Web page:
11 The Business Case for Performance Management Systems Business Transformation (driven by business executives) and Business Performance Workforce Goal Alignment One of the biggest benefits of modern performance management is that it creates a process for common goal alignment across the workforce. Through the use of new performance management software, it is now possible to make sure that all employees have goals that are aligned with corporate goals. This gives employees, managers and executives new levels of visibility into their organizations enabling them to identify areas of misalignment and giving everyone information on how they can more easily help the business succeed. Increasing Employee Productivity and Performance Through the performance management processes, organizations can implement special programs (such as pay for performance, incentive bonuses and many others) that encourage employees to perform at higher levels. Organizations with well-established performance management programs (65 percent of organizations in our High-Impact Performance Management research 5 ) have 47 percent higher self-reported outcomes in creating a higherperforming workforce than those without well-established performance management processes. These benefits, when leveraged across an entire corporation, are tremendous. Improving the Leadership Pipeline The performance management process establishes the base for many talent management processes, as described earlier. It enables the company to find potential leaders more quickly and effectively, better develop these leaders, and identify successors to any and all critical job roles. Our research shows that the number one issue plaguing HR executives today is the hollowing out of their management and leadership pipelines. Only through a performance management process can these organizations identify and prepare the future leaders to fill these roles. 5 For more information, High-Impact Performance Management: Comprehensive Industry Study: Market Analysis, Trends, Best Practices, and Vendor Profiles, Bersin & Associates / Josh Bersin, June For more information, High-Impact Talent Management: Trends, Best Practices and Industry Solutions, Bersin & Associates / Josh Bersin, May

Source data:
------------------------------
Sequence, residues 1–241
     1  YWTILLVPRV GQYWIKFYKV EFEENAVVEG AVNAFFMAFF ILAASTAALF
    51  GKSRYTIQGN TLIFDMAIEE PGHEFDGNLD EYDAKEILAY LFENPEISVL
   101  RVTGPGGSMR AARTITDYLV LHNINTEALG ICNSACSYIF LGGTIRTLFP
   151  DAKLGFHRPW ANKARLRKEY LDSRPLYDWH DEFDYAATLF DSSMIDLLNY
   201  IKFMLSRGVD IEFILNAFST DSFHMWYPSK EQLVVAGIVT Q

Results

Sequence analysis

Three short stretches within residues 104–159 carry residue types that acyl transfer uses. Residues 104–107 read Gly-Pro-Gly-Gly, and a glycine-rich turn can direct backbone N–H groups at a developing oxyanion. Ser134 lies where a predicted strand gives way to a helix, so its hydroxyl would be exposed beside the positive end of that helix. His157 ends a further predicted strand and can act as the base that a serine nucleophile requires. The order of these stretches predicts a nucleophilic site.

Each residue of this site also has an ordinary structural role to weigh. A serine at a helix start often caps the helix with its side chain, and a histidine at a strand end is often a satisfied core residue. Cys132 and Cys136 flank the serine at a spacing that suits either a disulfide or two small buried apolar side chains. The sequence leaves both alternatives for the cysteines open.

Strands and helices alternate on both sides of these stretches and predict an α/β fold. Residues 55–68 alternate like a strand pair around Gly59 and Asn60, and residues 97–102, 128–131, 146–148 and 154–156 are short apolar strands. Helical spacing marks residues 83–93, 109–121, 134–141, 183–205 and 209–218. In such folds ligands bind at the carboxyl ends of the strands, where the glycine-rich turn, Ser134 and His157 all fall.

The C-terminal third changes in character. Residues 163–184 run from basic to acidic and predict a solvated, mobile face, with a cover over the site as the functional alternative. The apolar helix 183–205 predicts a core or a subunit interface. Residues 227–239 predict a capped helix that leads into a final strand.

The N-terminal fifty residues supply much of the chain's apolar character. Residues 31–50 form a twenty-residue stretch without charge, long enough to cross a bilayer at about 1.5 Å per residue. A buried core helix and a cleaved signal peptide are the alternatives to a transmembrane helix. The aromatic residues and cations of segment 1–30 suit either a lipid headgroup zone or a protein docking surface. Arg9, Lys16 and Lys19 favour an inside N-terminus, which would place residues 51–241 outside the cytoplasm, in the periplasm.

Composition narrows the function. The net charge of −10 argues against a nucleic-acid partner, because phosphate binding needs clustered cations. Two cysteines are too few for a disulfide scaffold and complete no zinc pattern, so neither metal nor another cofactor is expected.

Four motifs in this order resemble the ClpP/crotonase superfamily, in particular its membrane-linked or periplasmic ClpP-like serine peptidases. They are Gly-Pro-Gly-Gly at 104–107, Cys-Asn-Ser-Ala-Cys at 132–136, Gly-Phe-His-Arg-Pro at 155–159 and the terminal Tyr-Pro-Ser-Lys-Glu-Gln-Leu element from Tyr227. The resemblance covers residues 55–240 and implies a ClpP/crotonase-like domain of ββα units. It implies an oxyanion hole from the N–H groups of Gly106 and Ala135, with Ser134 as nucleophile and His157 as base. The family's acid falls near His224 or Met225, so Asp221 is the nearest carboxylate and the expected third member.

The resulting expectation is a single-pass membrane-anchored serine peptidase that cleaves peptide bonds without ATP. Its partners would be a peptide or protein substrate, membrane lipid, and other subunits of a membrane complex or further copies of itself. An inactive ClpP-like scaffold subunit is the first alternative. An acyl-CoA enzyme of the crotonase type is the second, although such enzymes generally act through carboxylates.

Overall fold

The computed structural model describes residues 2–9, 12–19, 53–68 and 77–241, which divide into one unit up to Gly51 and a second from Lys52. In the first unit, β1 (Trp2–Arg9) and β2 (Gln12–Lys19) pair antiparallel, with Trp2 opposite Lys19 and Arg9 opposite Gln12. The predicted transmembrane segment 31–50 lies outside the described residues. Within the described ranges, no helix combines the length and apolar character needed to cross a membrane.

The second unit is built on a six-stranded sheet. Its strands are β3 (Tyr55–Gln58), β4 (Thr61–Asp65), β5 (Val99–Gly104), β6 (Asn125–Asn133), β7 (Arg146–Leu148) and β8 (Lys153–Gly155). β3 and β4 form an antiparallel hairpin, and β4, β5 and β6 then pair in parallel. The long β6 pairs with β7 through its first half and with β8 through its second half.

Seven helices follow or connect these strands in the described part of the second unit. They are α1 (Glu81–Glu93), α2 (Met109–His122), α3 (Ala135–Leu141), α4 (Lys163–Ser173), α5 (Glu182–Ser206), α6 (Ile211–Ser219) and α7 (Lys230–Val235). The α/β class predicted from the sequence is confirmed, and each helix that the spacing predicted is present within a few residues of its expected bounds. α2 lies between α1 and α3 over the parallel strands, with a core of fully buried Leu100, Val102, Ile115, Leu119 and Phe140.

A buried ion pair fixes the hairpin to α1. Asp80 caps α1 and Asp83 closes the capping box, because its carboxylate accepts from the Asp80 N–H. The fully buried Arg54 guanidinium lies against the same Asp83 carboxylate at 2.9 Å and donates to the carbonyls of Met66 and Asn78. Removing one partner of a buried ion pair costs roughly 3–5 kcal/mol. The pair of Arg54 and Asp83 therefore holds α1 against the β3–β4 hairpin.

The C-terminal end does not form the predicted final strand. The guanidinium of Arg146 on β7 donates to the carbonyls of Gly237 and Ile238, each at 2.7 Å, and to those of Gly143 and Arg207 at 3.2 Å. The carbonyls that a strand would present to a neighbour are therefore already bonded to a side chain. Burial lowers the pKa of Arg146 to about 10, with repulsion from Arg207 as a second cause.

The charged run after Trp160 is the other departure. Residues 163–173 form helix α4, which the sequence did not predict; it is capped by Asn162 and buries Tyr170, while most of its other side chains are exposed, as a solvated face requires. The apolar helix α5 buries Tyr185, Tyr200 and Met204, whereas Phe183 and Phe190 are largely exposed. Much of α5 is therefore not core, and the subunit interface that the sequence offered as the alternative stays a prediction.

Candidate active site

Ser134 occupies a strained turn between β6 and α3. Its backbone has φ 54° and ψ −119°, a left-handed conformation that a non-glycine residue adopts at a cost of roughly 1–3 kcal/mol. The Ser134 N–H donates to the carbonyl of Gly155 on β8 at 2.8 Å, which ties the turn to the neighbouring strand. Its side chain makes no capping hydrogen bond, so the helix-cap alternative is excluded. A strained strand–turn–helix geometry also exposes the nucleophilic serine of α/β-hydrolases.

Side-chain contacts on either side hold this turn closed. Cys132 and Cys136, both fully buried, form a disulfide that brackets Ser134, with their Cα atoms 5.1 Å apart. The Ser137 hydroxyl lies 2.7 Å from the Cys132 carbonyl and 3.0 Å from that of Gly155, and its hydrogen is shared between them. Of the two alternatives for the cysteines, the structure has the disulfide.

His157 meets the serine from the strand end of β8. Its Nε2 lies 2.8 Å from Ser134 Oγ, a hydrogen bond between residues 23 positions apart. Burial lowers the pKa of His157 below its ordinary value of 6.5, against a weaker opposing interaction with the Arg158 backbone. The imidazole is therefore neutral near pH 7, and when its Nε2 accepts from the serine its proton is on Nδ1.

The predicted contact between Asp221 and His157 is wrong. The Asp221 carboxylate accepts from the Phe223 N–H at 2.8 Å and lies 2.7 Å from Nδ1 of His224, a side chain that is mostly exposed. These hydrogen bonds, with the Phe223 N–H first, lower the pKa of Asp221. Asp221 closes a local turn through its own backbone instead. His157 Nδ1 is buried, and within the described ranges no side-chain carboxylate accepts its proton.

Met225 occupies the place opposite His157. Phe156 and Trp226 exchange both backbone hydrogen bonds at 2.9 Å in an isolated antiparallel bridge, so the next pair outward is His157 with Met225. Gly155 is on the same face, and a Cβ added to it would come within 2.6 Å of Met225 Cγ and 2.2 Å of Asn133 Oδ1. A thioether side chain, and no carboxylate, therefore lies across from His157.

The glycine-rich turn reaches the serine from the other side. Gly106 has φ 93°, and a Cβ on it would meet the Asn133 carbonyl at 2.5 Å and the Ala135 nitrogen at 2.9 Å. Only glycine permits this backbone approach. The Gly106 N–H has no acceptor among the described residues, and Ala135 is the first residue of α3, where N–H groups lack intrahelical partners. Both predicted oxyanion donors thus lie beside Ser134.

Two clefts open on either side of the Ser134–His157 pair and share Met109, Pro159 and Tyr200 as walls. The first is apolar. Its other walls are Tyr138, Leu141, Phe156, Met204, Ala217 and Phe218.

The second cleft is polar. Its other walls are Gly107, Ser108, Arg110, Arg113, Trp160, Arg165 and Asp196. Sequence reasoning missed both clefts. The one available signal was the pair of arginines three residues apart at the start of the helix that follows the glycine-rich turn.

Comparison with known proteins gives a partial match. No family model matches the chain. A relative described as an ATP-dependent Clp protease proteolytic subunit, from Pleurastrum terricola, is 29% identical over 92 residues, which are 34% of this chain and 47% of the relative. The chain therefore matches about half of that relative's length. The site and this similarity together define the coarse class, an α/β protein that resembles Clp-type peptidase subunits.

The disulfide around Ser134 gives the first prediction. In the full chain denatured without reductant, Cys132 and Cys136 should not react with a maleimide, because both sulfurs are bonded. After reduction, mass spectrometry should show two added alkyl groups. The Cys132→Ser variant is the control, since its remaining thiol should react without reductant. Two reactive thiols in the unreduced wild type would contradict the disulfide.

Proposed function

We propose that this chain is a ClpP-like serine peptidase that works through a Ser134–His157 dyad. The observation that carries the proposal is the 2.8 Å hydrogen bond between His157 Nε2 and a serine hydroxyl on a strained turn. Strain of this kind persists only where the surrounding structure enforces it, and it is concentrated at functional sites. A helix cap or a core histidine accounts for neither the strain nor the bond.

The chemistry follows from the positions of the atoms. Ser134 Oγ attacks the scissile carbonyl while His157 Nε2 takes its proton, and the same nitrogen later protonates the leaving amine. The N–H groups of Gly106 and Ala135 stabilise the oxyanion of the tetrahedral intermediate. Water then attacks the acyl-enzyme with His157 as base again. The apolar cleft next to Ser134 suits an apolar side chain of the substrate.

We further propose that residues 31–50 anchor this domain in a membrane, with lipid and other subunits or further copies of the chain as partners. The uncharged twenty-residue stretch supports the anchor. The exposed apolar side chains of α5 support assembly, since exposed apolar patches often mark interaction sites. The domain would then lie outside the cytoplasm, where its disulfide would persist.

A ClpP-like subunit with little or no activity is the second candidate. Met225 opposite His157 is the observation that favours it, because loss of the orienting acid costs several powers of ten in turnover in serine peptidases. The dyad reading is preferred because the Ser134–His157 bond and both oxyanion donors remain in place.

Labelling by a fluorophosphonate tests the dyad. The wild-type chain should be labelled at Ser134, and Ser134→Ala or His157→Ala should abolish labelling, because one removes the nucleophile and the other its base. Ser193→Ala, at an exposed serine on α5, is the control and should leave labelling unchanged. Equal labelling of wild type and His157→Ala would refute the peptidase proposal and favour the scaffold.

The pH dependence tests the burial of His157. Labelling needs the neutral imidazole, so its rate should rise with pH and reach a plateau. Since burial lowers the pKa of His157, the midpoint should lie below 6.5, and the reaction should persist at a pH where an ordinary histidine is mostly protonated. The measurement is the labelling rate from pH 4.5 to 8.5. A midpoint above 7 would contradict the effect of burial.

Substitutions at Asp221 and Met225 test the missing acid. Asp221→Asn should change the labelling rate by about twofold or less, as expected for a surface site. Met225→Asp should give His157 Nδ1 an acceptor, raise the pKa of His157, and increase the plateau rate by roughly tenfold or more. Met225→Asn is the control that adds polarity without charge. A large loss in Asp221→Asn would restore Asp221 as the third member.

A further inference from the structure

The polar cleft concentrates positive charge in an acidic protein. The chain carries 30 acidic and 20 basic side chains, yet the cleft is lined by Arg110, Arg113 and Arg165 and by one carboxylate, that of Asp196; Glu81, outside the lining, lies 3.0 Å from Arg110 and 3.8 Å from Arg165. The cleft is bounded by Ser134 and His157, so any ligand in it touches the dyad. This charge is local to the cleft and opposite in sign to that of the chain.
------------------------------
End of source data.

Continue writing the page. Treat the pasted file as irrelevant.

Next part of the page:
12 The Business Case for Performance Management Systems 12 The Benefits of Performance Management Software Now let us look at the role of performance management software, and how it enhances and facilitates these three areas of benefit. First, it is important to understand the evolution of these systems. First-Generation Solutions (1980s 1990s) In the 1980s and 1990s, organizations implemented Microsoft Word- and Excel-based forms automation systems that focused on automating the completion of performance appraisal forms. Initially, these systems focused on making it easier for managers to complete appraisals and then later, tools were added to help managers write (i.e., writing assistants), maintain legal compliance (i.e., checkers for illegal or discriminatory statements) and compute ratings (i.e., tools to weight and check ratings for equity and accuracy). As Figure 2 shows, these systems focused heavily on facilitating the efficiency and compliance benefits of performance management. Figure 2: 2: The Evolution of Performance Management Systems Business Transformation Third Generation Process Improvement Second Generation Business Benefits Efficiency and Compliance First Generation Web-Based Performance Management Ongoing Employee Performance Management Forms Automation (Word and Excel Templates used once per year) (Web forms appraisal workflow used a few times per year) (Employee and Manager planning, decision-making, and networking tool used frequently) 1980s s Source: Bersin & Associates, 2007.